Sapphire: The Jewel of the Sky
Sapphire has been sought after for thousands of years
as the ultimate blue gemstone. The ancient Persians
believed that the earth rested on a giant sapphire that
gave its blue reflection to the sky, hence the Latin
name "sapphiru", which means blue.
The gem has long symbolized faith, remembrance, and
enduring commitment. According to tradition, God gave
Moses the Ten Commandments on tablets of sapphire, making
it the most sacred stone. This supposed "divine
favor" is why sapphires often were the gem of choice
for kings and high priests throughout history. In fact,
the British Crown Jewels contain a number of notable
sapphires. Prince Charles even gave Princess Diana a
sapphire engagement ring.
Sapphire is the birthstone for September. It is also
the recommended gem for couples celebrating their fifth
and 45th wedding anniversaries.
Both sapphire and its sister stone, ruby, are part
of the corundum family, one of the strongest minerals
on earth. The stone is mined in many parts of the world,
including Australia, Cambodia, China, Kashmir, Kenya,
Madagascar, Myanmar, Nigeria, Sri Lanka, Tanzania, Thailand,
the United States and Vietnam. Sapphires from Kashmir
and Myanmar are rarest and most prized because of their
vivid blue, velvety look.
Although sapphire is virtually synonymous with blue,
the stone also comes in a variety of fancy colors that
includes colorless/white, pink, yellow, peach, orange,
brown, violet, purple, green and many shades in between
(except red, because a red sapphire would be called
a ruby). Some sapphires that are cut into a cabochon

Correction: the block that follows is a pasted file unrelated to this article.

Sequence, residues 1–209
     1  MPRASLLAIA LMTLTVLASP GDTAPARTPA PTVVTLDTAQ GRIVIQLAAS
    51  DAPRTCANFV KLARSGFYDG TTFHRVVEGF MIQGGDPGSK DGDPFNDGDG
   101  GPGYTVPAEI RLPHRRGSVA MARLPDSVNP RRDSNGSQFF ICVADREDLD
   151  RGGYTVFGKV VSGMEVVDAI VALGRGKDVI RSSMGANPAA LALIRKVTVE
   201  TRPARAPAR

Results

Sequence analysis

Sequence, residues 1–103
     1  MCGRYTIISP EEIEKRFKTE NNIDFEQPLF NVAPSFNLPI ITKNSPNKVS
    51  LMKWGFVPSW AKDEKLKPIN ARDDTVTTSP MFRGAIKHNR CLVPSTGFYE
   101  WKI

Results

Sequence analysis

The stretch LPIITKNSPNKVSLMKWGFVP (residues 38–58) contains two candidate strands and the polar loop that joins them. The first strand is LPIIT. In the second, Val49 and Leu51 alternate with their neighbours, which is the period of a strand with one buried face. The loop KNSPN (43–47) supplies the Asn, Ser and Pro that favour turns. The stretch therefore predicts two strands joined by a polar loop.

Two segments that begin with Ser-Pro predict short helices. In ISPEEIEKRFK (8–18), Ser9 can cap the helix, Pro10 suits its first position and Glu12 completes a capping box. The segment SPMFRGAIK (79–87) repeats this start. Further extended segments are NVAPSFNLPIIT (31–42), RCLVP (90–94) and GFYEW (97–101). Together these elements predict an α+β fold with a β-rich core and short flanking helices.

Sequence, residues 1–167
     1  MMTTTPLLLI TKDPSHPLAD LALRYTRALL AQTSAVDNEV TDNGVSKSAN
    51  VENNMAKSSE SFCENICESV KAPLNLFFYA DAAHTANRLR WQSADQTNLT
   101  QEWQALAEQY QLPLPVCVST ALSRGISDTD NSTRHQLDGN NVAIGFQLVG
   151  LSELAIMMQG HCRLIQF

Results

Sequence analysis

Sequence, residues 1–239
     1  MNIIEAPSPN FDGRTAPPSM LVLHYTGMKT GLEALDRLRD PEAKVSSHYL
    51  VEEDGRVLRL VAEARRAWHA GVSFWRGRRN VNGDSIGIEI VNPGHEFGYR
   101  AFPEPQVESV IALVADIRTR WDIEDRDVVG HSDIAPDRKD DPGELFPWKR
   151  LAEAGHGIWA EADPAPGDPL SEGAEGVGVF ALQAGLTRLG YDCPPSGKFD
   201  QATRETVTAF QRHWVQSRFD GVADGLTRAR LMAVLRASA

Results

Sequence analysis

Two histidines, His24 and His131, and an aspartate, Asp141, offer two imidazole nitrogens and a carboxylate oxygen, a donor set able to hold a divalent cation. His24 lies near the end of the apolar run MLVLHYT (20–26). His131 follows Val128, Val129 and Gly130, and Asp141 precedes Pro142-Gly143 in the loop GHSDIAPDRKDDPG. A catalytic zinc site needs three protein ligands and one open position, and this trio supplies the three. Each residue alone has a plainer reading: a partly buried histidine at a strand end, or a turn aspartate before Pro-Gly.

(dome) shape even display a six-rayed white star. These
are called star sapphires, and the ancients regarded
them as powerful talismans that protected travelers.
Like other gemstones, color is the main determining
factor when judging the value of a sapphire. As a rule,
the most valuable sapphires have a medium intense, pure
vivid blue color and hold the brightness of their color
under any type of lighting. Any color undertones - usually
black, gray or green - will reduce a stone's value.
Although a pastel stone would be less valued than a
deeper blue one, it would be more valuable than a stone
considered too dark. In selecting your sapphire, keep
in mind that the finest stones are "eye clean",
with little or no inclusions (flaws) visible to the
Sapphire is readily available in sizes of up to 2 carats,
but gems of 5-10 carats are not unusual. The stone is
most often cut in a cushion shape - a rounded rectangle
- or an oval. But smaller stones are available in round
brilliant cuts and a variety of fancy shapes, such as
triangle, square, emerald, marquise, pear, baguette,
cabochon and others.
Some of the more noted sapphires include the Logan
Sapphire, a 423-carat cushion-cut stone from Sri Lanka
currently in the Smithsonian Institution in Washington,
D.C., and a 258-carat stone set in the Russian crown
and kept in the Diamond Fund in Moscow.
With a hardness of 9 on the Mohs scale, sapphire is
harder than any other gemstone except a diamond. This
quality makes it extremely durable for everyday jewelry
pieces subject to repeated impact, such as rings and
bracelets. In general, sapphire can be cleaned with
soapy water or commercial solvent and a brush.
It is estimated that about 90% of sapphires on the
market today have been heated to maximize their color
and clarity. This process is permanent and completely
stable. Perfect natural, untreated gems are exceptionally
rare and very expensive. Some colorless or pale stones
are treated with chemicals (diffusion treated), which
improves the surface color only. This could create a
problem if the stone is ever chipped or nicked and needs
to be recut or repolished. In addition, some fancy colored
sapphire is irradiated to give it a more intense shade.
These effects are temporary and can fade in light or